© 2007 by Nick B. Nicholaou, all rights reserved President, Ministry Business Services, Inc. Reprinted from Christian Computing Magazine
How do you feel when a friend or colleague tells you they just bought the same product you did for considerably less? If you’re like me, you probably feel kind of crummy, but then justify why you still got a better deal than your friend.
How do you buy technology for less? Are there ways to save? Are there times when spending more is better? Let’s talk about it.
Hardware — Box vs OEM
Hardware comes in two varieties: locally built and OEM (original equipment from a manufacturer; name brands like Apple, HP, and Dell). OEM computers often deliver slightly lower capabilities even though they sometimes cost more to purchase, so why would anyone want one? One reason is that locally built systems (sometimes referred to as box systems because their parts are bought in boxes and assembled into a computer), although often having more capabilities, often have hidden costs.
OEM manufacturers have usually been in business for a long time, thus their name recognition. They strive for carefully protected reputations, and usually set aside significant budgets for R&D (research and development). R&D:
- Develops new technologies and improves existing technologies;
- Ensures conformance to any applicable government rules and regulations;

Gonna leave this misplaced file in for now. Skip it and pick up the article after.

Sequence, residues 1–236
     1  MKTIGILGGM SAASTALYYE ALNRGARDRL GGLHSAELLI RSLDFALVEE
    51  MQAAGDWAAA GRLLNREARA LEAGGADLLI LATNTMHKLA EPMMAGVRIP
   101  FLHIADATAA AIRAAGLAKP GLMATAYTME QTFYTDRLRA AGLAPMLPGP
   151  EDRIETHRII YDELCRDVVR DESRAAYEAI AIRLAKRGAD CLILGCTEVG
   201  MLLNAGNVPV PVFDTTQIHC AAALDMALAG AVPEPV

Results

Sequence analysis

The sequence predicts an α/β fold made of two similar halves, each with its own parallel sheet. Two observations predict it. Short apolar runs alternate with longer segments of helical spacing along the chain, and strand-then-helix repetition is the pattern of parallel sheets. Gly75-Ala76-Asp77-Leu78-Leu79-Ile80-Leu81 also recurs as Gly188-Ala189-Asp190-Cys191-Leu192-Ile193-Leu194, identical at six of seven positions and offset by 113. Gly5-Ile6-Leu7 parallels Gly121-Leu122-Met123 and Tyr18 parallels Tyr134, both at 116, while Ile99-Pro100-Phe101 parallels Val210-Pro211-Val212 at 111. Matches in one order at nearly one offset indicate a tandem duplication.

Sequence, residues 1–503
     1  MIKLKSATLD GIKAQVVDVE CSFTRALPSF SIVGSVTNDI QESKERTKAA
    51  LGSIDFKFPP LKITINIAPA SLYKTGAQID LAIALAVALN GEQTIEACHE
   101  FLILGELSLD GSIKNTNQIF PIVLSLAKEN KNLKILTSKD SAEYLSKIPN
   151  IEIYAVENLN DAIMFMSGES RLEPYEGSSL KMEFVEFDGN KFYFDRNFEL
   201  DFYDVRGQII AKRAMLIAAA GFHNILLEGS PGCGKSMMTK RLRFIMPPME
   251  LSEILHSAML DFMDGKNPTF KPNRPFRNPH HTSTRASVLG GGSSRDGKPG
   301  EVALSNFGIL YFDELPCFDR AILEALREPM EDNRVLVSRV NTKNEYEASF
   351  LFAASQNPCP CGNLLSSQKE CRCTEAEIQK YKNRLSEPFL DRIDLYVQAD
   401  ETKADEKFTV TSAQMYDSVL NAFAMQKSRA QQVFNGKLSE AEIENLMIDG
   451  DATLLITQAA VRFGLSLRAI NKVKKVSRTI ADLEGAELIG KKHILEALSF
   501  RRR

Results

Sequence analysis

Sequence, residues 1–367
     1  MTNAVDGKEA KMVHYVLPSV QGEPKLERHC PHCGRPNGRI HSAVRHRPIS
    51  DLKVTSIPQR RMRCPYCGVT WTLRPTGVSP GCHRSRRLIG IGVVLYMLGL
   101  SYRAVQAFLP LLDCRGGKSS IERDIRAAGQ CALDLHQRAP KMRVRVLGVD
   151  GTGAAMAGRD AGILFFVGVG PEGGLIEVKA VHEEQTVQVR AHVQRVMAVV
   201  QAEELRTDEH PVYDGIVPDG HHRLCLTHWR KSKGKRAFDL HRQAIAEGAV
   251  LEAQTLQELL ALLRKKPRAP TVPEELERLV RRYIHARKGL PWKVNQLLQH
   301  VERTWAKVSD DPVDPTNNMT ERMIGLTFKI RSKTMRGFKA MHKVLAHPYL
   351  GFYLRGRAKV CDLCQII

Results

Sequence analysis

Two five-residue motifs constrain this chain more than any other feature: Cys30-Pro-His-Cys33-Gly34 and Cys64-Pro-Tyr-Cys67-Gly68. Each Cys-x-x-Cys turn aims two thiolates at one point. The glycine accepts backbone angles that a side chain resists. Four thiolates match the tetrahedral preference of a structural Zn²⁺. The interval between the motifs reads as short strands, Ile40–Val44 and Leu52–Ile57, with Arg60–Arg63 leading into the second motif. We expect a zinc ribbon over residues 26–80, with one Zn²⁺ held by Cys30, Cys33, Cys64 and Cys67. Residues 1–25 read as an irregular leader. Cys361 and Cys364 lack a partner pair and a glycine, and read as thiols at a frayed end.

- Ensures that each component is compatible— and will work well— with the other components used; and
- Ensures customer satisfaction (based on design and service) that will produce customer loyalty and increase sales.
Let’s see how these points affect the design of the computer you buy.
Government Rule & Regulation Conformity
Government agencies have set standards which affect computer safety and performance. These are primarily in the areas of electrical usage and component radiation shielding.
Radiation shielding can protect computers from intermittently failing due to heat or frequency emissions that make components behave unpredictably. This kind of shielding can also provide users with a greater margin of personal safety from radio wave radiation.
R&D helps OEM manufacturers improve component compatibility. In our consulting with many ministries around the country, we’ve seen many box computers in which the builder meticulously chose high quality components. Even with the best of intentions and components, however, these machines often have intermittent problems which are seemingly untraceable, yet may be due to minor incompatibilities within.
This is an area obviously common to builders of box and OEM systems. Both want high customer satisfaction that will increase customer loyalty and sales. OEM builders usually allocate more to ensure computers are built right in the first place (R&D), and that the customer will get fast service when necessary.
Many OEM manufacturers offer next-day on-site repair of their systems. This is a huge time and money saver, and also helps ensure that no one on the ministry staff needs to be a hardware technician.
How to Buy
When shopping for technology or any major purchase, always follow Nick’s Four Rules of Wise Shopping:
- Plan ahead. By planning ahead, you:Avoid buying on impulse.
- Buy in quantities, saving money two ways:
- Buying in quantity often saves on the cost per item; and
- Buying in quantity means less shopping trips, saving time— and time spent comes out of the personnel budget.